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Health officials warn of difficult months ahead as COVID-19 cases continue to spike


Washoe County health officials today said the region – much like what the rest of the country is experiencing with the rapidly spreading omicron COVID-19 variant – is in for difficult months.

District Health Officer Kevin Dick said today the incredibly contagious omicron is now the predominant COVID strain in Washoe County. And while less severe, the variant is fueling the rapid rise of new cases that could once again strain hospital capacity.

WCHD officer Kevin Dick during a media briefing Jan. 5, 2022.

“The good news that is emerging about this variant is that it has been shown to affect mostly the upper respiratory system, and because of that, we don’t anticipate that we’re going to have as high a rate of people that are infected that end up hospitalized in the intensive care units,” Dick said. “We are concerned that even though there’s a smaller rate of severe cases, we could still have quite a strain on our hospital system coming.”

There are 61 confirmed omicron cases locally, and to date nobody has been hospitalized from the omicron variant. That could change, however, as more people contract the omicron variant.

“Based on the wastewater data that UNR has collected and analyzed, we can presume that almost all of the cases that are occurring in our community now are omicron,” Dick added. “We have [found] in those confirmed cases the age of the people that have been infected ranges from one to 70 years old.”

The unvaccinated continue to disproportionately be hospitalized, versus those who have been fully vaccinated, Dick said. “Because of the pure number of cases that are occurring, even though fewer of those are severe, there may still be more of those severe cases hitting our hospitals.”

“People should try to hunker down right now.”

Nearly 63% of the region is fully vaccinated, and nearly 3% of those who are vaccinated tested positive for COVID-19 after being vaccinated. 

“[It’s] a very small percentage of the vaccinated population, and as we’re hearing in the news, the vast majority of those that are hospitalized and dying from COVID-19 continue to be the unvaccinated portion of our population,” Dick said.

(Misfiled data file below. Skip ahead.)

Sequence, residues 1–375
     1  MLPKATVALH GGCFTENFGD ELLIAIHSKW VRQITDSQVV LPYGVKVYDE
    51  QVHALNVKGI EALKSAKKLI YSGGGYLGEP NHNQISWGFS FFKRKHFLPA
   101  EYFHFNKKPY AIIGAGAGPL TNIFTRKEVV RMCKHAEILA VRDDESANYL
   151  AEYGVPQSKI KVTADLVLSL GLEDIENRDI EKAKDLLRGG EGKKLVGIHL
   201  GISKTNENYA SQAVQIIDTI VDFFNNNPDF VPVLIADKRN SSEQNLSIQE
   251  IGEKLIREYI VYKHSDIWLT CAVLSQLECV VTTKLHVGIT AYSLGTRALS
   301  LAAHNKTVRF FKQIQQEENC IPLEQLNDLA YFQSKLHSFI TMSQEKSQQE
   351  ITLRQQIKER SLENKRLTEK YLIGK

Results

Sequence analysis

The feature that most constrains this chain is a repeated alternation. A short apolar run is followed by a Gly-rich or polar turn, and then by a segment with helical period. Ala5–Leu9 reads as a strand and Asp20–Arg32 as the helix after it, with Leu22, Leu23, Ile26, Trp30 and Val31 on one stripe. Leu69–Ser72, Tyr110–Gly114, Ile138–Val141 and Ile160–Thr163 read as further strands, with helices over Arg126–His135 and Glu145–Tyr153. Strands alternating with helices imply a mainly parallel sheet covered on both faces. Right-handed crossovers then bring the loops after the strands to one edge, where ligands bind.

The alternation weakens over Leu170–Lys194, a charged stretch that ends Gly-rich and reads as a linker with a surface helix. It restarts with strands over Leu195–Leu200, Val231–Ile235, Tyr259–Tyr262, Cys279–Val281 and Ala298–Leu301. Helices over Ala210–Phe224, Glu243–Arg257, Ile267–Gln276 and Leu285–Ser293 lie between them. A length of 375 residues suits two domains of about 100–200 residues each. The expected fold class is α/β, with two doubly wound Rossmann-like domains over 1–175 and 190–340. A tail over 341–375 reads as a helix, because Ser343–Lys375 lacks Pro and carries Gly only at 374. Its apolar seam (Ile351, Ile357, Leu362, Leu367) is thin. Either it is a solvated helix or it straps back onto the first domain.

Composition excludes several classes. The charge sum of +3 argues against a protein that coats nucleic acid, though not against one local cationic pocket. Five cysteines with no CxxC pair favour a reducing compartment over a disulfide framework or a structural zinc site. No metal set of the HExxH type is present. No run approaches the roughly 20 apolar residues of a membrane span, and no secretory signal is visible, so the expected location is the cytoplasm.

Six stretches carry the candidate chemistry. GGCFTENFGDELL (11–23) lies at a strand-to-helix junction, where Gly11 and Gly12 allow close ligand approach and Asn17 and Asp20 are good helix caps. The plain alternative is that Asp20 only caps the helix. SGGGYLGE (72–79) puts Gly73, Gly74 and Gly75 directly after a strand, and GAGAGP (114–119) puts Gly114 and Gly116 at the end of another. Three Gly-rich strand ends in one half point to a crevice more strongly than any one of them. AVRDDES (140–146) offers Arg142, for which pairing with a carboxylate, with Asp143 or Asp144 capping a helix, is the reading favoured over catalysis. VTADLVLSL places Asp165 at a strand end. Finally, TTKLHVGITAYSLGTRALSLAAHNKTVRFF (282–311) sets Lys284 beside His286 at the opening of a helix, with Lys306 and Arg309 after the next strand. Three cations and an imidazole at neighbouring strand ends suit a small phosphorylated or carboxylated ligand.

Region back in the ‘very high’ range for risk

New cases are attributed to travel and gatherings, and more than 400 new cases were reported Dec. 30, 2021. 

The first omicron case in Washoe County was reported Dec. 20, but University of Nevada, Reno researcher Subhash Verma said omicron was detected in wastewater about a week earlier.

Samples collected at the end of November were mostly the delta variant. Since mid-December, omicron has become the predominant strain found in wastewater, Verma said. “Samples collected from [the Truckee Meadows Water Reclamation Facility] on Dec. 22 … [show that] 90-95% of the signatures are omicron.”

That’s a 10-fold increase in COVID-19 detection, county officials said. The region’s test positivity rate is now at 9% – up from 2.8% in June. To end mask mandates, Washoe County will have to be under 5% for two weeks.

“These numbers are alarming,” Dick said. “And I said a couple of weeks ago that we needed to be prepared for what’s coming.” 

Dick stressed mask wearing – he said he’s double-masking – getting fully vaccinated, maintaining social distancing and working from home if possible are all recommended. 

“People should try to hunker down right now,” he said.

City of Reno officials yesterday said they are going back to virtual meetings as the new spike of cases became evident this week. County officials said they have no plans to change their meeting protocols.

Bob Conrad
Bob Conradhttp://thisisreno.com
Bob Conrad is publisher, editor and co-founder of This Is Reno. He has served in communications positions for various state agencies and earned a doctorate in educational leadership from the University of Nevada, Reno in 2011. He is also a part time instructor at UNR and sits on the boards of the Nevada Press Association and Nevada Open Government Coalition.